Six people in Council Bluffs were taken, unresponsive, to the hospital this month, apparent victims of painkillers so powerful that first-responders have been warned about touching them, but otherwise legally and easily obtained over the internet.
The culprit is a synthetic opioid called fentanyl, a substance that already has decimated communities throughout the country that are battling opioid addiction. Forensic chemist Christine Gabig with the Douglas County Forensic Services Division told The Nonpareil that many synthetic variants of fentanyl have made their way onto local streets. Because the chemical compounds differ, the substances are not “true” fentanyl, commonly used in surgical procedures, and not illegal. Such synthetic varieties can easily be purchased online without a prescription.
In some instances, these potentially deadly synthetics are mixed with other illicit drugs to produce more intense or prolonged episodes of euphoria. Users purchasing the mix often are unaware.
The first three of Council Bluffs’ recent victims were found in a gas station parking lot, their lives saved by strangers who called police. Another man was found in a nearby home. Two days later, hospital personnel treated and were able to revive two more men.
Council Bluffs Police Sgt. Robert Christiansen said it was a good thing these victims were around other people or they may not have survived.
His words might be even more insightful than he realized.
Michael Zoorob, a graduate student at Harvard recently co-authored a study exploring the effect of connectedness and overdose.
Social capital is the core of place-making because it involves the extent and depth of social connections and trust. In other words, it represents the strength and resilience of a community.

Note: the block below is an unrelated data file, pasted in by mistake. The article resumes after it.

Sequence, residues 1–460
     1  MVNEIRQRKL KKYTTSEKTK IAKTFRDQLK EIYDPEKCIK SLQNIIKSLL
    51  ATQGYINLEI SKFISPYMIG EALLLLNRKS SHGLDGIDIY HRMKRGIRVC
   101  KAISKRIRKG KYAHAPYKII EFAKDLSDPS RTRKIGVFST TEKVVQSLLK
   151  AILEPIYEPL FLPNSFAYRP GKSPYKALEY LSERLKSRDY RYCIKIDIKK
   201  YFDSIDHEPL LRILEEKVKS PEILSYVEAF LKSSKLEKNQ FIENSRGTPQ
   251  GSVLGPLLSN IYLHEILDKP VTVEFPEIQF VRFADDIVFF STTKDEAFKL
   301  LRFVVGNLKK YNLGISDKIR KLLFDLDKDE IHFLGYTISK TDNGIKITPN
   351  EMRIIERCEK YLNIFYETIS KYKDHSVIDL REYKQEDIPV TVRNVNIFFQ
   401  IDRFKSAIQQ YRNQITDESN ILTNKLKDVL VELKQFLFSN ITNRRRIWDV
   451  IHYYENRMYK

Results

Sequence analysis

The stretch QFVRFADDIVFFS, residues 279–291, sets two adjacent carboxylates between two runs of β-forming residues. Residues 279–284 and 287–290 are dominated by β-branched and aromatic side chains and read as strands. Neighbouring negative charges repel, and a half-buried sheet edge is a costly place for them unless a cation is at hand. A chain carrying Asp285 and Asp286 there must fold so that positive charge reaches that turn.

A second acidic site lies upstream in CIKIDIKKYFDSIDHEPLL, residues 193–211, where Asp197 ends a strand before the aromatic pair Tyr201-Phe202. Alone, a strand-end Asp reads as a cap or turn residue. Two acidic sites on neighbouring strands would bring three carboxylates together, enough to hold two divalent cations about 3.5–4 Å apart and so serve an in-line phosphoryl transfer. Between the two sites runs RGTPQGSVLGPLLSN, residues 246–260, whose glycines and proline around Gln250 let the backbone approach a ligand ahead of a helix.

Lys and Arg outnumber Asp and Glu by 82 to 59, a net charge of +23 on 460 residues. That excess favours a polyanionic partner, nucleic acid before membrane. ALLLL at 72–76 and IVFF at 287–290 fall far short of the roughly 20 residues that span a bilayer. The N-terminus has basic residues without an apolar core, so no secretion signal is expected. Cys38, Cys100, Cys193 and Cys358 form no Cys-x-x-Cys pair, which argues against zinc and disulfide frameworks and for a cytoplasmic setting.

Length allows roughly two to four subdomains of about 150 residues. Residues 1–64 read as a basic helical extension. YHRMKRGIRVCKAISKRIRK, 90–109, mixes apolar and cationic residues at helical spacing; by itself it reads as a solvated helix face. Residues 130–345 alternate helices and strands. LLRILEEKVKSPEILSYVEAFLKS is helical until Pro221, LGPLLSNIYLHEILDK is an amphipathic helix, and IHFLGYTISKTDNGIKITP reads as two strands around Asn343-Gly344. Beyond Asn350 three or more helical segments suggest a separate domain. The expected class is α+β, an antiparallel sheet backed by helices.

While several measures exist to determine levels of social capital, no matter the measure used, experts agree that as inequality rises, social capital declines. People begin to view neighbors as less trustworthy, they become less active in the community. The cultural ties that all humans crave decline, and the individual becomes isolated and the entire community suffers.
The Harvard study looked at county-level social capital and overdose data from 1999 to 2014, finding that counties with the least social capital had the highest overdose rates. The findings held true even when other factors such as level of opioid prescribing, income level and education were included.
A Pennsylvania sociology study of people seeking addiction treatment found similar results. Addiction and overdoses were linked to culture — lack of employment opportunities, unaffordable housing, overall dissatisfaction with the region, and feelings of being isolated or not surrounded by people who care. Study authors concluded there’s a real need for interventions that address the poverty and social isolation of opiate users.
The good news in Eastern Iowa is that some already are attempting to address this shortfall. A support group, Community Resources United to Stop Heroin in Iowa (CRUSH), provides education and resources to families and those in recovery, sponsors outreach events and works with elected officials on ways to combat the opioid crisis. Fresh Start Ministries, which I’ve highlighted previously, provides outreach and support to those who are jailed and to those returning to the community. At least one area church, Mount Zion, is working to rehab homes for former inmates.
The difficulty is that all these initiatives provide support after the fact — after a person already has become addicted and, most often, after that addiction has negatively affected the person and the community.
According to the Harvard researchers, place-making and social capital can serve as buffers against further spread of addiction and overdose. Jobs and relationships within the community are key. Social support is vital, especially for those spiraling downward.
When people feel a sense of belonging to a community, when they feel connected to who and what is around them, they feel a greater responsibility to care for themselves. It’s the difference between believing that you are simply out in the world on your own and believing that you are a vital part of something larger.
Making sure that hospitals and emergency responders have access to lifesaving Nalaxone or Narcan is one piece of the puzzle that can help save lives. But there’s more our communities can do to stave off addiction and prevent overdoses.
This column by Lynda Waddington originally published in The Gazette on August 27, 2017.